Ojha Sanajaoba Memorial Trust (OSMT) Manipur and the Centre for Human Rights and Duties Education, Manipur University submitted a 10-point memorandum to the Prime Minister on September 20 urging to implement the resolutions adopted for ensuring the safeguard of the historically evolved multi-ethnic territorial boundary of Manipur by amendment of the Article 3 and Article 371C C(1)&(2) of the Constitution of India so as to empower state legislature to deal with the inherent politico-history, socioeconomic, and multi-ethnic cultural ethos of Manipur.
The resolutions included in the memorandum were taken by a panel of experts during the ‘One-Day Dialogue on Idea of Manipur: A Historical Legacy of an Asiatic Civilization’ organized by OSMT and the Centre at Manipur University’s Department of Commerce conference hall on September 18, stated a release.
It highlighted the political history of Manipur including the attainment of international status with signing of the Anglo-Manipuri Defence Treaty-1762 and Democratic set up with adoption of the Manipur State Constitution Act (MSCA-1947) on July 26, 1947, and under which Act, conducted the first Manipur General Elections to 52 seats in between 11-06-1948 to 27-06-1948 which was followed by the first Assembly session held on October 18, 1848.
It mentioned that the contentious Manipur Merger Agreement was signed on September 21, 1949, and officially declared takeover of Manipur State to the Union of India on October 15, 1949, adding that the first election under the Constitution of India was held in January 1952.
It also said that the status of Manipur was defined by the Calcutta High Court on ‘Keiphasing Case 7W.R.C.R./100’ (Cit. The Manipur Past and Present Vol-1, P-428) and the ‘Sajoupa Case 3W.R.C.R./16’ etc., that Manipur had been recognized as a Sovereign State.
Similarly, the then British records and accounts recognized Manipur as an Asiatic sovereign State in the 1860s. The same status of Manipur was reaffirmed by the statement of Barrister Manamohon Ghosh, it stated.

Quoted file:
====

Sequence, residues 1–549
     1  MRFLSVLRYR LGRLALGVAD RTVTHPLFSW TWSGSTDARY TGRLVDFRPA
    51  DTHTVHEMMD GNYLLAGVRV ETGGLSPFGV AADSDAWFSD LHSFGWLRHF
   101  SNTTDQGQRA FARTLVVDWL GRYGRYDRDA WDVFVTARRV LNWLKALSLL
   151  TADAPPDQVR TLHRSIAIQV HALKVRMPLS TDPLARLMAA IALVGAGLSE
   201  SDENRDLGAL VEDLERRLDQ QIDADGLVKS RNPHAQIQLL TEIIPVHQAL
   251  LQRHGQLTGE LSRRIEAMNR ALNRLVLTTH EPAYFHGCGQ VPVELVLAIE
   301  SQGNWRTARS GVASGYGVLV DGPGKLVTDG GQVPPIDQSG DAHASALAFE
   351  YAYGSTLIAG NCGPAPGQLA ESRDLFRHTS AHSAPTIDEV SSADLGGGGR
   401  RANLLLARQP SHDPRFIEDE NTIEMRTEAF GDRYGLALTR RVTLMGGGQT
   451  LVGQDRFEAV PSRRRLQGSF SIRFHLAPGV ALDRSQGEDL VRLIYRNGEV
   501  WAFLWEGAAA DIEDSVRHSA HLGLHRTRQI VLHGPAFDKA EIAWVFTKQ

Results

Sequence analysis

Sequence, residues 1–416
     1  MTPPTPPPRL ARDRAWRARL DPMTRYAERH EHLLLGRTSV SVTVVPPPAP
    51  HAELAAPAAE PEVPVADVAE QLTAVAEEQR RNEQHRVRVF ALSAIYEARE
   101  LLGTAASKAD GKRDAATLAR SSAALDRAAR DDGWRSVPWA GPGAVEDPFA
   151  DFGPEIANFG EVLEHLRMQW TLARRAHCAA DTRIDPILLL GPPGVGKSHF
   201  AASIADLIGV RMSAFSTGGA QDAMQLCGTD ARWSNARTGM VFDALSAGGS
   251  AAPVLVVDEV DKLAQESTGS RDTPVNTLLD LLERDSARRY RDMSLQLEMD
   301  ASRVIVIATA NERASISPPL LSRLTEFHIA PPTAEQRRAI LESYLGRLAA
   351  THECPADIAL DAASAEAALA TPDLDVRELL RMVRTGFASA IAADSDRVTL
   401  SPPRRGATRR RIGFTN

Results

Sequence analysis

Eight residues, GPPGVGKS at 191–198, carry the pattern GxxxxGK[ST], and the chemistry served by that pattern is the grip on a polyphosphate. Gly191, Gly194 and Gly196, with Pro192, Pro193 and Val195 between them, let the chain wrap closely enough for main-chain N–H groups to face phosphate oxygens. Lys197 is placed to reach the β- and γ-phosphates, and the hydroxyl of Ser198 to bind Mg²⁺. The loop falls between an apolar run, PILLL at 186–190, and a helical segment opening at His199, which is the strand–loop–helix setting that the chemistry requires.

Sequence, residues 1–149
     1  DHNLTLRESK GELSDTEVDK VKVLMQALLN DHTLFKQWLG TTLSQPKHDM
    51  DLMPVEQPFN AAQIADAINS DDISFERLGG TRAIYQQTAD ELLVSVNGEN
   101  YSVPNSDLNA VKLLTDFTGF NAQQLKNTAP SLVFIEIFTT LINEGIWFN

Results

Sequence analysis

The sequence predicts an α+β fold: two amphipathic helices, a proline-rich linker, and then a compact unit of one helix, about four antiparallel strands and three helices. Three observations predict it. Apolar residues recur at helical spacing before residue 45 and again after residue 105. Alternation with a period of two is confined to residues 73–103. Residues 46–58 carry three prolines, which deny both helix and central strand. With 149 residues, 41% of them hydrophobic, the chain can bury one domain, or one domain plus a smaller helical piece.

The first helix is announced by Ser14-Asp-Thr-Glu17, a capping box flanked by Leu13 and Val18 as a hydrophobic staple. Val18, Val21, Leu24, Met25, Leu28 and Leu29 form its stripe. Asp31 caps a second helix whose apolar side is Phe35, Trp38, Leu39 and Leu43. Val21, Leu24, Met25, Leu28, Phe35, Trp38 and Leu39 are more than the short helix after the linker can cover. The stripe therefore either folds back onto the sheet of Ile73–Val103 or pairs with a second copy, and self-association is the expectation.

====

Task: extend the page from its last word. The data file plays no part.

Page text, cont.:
It asserted that the territorial integrity of Manipur has been fairly established for more than half a millennium and one can easily verify it from Henry Yule’s map of Manipur in 1500 AD, Rennel’s map of 1769 down to James Johnstone’s maps in the 19th Century. It further stated that the article 371(c) of the Constitution not only violates many other articles of the same book including Article 19(1)(f) but also manifests the Meitei community as the only citizen of India that cannot live freely anywhere in their own state (Manipur).
It underlined the statement under Article 2(4) of the UN Charters states which suggests the responsibility of India to safeguard the inviolable continuous muti-ethnic territorial boundary of Manipur within her Dominion and said that the central Government has international obligation to literally comply with the non-derogable UTI Possidetis rule in safeguarding the historically evolved territorial integrity of Manipur.
It said that the Meitei-cognate tribes remained the inalienable part and parcel of Manipuri history in spite of the fact that they were recently given Naga and Kuki nomenclatures by the British for colonial conveniences during management of their primordial form of village republics. It maintained that baseless claims over the state’s age-old territory of nearly 38 communities based only on some ethnic groups settled in contiguous areas, will only fan the flames of fratricidal wars, gross human rights violations and perennial unrest in the state of Manipur.
Similar copies of the memorandum were also submitted to the President, Union Home Minister, Manipur governor and Manipur chief minister, it mentioned.